The Quote: WILL Deputy Counsel, Luke Berg, said, “There is simply no reason short-term rentals can’t safely operate a hot tub or small pool. Deregulating this just makes sense. JCRAR’s action will benefit vacationers and small business owners alike throughout the upcoming summer season.”
Background: Two different agencies have authority over so-called “public pools.” The Department of Safety and Professional Services (DSPS) writes the commercial pool code and ensures compliance by approving plans at the time of construction. State law specifically excludes residential pools from its scope.
DATCP, separately, has authority to “license and regulate” “public pools” after construction. DATCP’s statute doesn’t define “public pools,” but one would reasonably assume the scope would overlap with DSPS. Yet DATCP’s regulations expand the definition of “public pool” to include pools or hot tubs at vacation homes. For owners of rental properties with pools to get a license from DATCP, the regulations require pools to meet DSPS’s commercial pool code. DATCP’s rules violate state law by imposing requirements that the Legislature had already decided should not apply to residential pools.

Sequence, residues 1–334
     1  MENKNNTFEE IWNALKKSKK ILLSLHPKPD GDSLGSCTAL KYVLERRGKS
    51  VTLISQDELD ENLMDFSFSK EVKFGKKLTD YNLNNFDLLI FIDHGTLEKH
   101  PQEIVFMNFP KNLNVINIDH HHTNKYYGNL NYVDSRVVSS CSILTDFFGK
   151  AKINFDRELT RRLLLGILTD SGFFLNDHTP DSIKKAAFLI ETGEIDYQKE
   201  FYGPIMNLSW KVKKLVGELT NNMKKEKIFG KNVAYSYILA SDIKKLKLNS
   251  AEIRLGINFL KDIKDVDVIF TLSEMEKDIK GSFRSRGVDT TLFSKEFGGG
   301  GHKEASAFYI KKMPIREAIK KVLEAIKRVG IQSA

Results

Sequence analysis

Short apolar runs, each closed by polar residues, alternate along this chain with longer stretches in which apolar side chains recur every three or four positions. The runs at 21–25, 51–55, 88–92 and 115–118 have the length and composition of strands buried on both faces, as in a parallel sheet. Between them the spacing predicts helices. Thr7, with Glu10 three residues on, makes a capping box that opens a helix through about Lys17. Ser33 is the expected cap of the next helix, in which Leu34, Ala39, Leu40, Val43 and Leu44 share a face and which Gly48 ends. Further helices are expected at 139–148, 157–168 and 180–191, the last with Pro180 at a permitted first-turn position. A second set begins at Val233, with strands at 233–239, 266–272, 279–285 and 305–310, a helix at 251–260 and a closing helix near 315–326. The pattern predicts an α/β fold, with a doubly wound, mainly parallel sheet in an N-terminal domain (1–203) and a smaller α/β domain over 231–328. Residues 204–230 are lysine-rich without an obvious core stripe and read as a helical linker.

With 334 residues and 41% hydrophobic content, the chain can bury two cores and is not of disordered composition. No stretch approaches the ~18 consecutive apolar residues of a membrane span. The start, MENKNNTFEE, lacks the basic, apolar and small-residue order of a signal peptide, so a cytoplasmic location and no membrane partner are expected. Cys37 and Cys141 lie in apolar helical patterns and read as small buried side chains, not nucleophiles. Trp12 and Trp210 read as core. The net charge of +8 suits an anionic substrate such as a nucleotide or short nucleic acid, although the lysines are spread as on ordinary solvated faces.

JCRAR’s Action: State law provides seven different criteria
for JCRAR to suspend a rule. The committee can act if any one of the seven are met. In this case, WILL submitted testimony indicating that as many as five of the seven criteria are met with regard to DATCP’s pool rule, including multiple conflicts with state law, and the arbitrary, undue burden imposed on short-term-rental owners.
The suspension of the rule will be in effect until the legislature convenes again, sometime in early 2023.